PubDate: Tue, 30 Jan 2018 00:00:00 GMT
       
  • Survival and incidence of cardiovascular diseases in participants in a
           long-distance ski race (Vasaloppet, Sweden) compared with the background
           population
    • Authors: Hållmarker U; Lindbäck J, Michaëlsson K, et al.
      Abstract: AimsWe studied the relationship between taking part in a long-distance ski race and incidence of cardiovascular diseases (CVDs) to address the hypothesis that lifestyle lowers the incidence.Methods and resultsA cohort of 399 630 subjects in Sweden, half were skiers in the world’s largest ski race, and half were non-skiers. Non-skiers were frequency matched for sex, age, and year of race. Individuals with severe diseases were excluded. The endpoints were death, myocardial infarction, or stroke. The subjects were followed up for a maximum of 21.8 years and median of 9.8 years. We identified 9399 death, myocardial infarction, or stroke events among non-skiers and 4784 among the Vasaloppet skiers. The adjusted hazard ratios (HRs) comparing skiers and non-skiers were 0.52 [95% confidence interval (CI) 0.49–0.54] for all-cause mortality, 0.56 (95% CI 0.52–0.60) for myocardial infarction and 0.63 (95% CI 0.58–0.67) for stroke and for all three outcomes 0.56 (95% CI 0.54–0.58). The results were consistent across subgroups: age, sex, family status, education, and race year. For skiers, a doubling of race time was associated with a higher age-adjusted risk of 19%, and male skiers had a doubled risk than female skiers, with a HR 2.06 (95% CI 1.89–2.41). The outcome analyses revealed no differences in risk of atrial fibrillation between skiers and non-skiers.ConclusionThis large cohort study provides additional support for the hypothesis that individuals with high level of physical activity representing a healthy lifestyle, as evident by their participation in a long-distance ski race, have a lower risk of CVD or death.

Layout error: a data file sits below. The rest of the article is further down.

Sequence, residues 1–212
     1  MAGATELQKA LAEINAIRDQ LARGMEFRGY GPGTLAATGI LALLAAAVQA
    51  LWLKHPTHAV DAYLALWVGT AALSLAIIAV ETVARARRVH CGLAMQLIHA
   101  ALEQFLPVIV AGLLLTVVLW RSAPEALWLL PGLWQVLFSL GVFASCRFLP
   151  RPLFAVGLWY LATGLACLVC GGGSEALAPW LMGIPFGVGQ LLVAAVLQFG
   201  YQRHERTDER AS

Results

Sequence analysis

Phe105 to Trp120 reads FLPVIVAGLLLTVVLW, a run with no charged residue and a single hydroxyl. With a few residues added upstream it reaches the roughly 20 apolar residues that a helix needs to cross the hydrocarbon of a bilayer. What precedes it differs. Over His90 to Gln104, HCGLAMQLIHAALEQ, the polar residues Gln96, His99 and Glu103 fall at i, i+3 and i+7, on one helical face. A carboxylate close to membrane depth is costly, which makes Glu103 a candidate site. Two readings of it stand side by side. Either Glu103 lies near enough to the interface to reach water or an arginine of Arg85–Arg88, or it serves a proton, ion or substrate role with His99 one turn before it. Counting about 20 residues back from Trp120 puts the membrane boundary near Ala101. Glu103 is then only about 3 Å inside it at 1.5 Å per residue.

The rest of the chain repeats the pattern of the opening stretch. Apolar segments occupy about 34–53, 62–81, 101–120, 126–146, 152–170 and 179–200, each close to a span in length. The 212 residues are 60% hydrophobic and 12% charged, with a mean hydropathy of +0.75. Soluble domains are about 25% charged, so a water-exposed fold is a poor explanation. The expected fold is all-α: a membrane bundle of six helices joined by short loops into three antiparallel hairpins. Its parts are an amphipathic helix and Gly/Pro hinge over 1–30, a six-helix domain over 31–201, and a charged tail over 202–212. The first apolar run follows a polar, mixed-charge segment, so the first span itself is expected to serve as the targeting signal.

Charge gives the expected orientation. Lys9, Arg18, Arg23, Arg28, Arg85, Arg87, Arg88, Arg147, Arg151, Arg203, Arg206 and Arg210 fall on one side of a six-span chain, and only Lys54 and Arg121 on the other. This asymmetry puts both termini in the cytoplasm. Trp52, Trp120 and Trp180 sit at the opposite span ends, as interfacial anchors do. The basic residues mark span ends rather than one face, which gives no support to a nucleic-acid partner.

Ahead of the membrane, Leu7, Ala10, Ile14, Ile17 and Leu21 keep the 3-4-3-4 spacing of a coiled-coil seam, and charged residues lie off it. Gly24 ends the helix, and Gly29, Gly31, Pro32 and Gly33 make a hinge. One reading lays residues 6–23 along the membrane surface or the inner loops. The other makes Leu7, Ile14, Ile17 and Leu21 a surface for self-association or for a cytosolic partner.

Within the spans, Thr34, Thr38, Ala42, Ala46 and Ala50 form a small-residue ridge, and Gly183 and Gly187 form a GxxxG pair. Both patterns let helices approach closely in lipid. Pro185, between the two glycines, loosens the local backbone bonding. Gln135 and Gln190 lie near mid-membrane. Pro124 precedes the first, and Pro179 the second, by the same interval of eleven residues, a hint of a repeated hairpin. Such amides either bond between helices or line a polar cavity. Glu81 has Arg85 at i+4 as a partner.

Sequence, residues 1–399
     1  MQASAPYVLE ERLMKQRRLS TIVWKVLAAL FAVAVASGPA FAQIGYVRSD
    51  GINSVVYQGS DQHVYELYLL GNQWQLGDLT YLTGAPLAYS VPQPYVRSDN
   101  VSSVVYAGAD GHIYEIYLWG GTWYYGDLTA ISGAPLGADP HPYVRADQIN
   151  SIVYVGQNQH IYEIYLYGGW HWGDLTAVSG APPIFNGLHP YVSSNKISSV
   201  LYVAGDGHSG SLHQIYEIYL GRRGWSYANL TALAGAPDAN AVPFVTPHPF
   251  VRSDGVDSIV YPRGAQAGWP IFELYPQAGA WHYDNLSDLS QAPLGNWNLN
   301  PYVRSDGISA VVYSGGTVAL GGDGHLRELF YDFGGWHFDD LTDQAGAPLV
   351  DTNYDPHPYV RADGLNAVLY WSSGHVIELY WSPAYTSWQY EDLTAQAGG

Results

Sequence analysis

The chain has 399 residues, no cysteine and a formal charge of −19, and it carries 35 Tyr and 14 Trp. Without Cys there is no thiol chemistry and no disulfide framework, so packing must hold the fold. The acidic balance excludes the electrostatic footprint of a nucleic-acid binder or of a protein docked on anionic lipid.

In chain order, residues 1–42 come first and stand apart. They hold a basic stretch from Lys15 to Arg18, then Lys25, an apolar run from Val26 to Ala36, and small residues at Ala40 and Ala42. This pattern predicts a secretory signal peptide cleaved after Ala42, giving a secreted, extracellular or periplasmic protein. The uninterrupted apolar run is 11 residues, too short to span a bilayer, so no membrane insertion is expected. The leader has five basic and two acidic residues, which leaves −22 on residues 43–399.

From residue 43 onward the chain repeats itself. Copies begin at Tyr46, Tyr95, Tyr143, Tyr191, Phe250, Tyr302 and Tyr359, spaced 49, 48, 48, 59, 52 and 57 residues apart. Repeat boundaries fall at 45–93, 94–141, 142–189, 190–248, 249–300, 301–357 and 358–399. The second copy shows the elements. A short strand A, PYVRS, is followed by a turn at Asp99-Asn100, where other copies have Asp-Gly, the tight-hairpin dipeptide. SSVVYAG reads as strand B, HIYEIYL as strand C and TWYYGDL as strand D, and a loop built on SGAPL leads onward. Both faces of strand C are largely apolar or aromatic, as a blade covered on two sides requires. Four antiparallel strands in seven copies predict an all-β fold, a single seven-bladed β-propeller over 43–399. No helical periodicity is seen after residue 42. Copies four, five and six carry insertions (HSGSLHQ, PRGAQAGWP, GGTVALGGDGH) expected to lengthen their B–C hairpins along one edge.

PubDate: Tue, 30 Jan 2018 00:00:00 GMT
       
  • Do patient-reported outcome measures speak for all patient subgroups: is
           everyone included'
    • Authors: Rathod K; Wragg A.
      Abstract: This editorial refers to ‘Does routinely collected patient-reported outcome data represent the actual case-mix of elective coronary revascularization patients'’, by S. Oinasmaa et al., on page 113.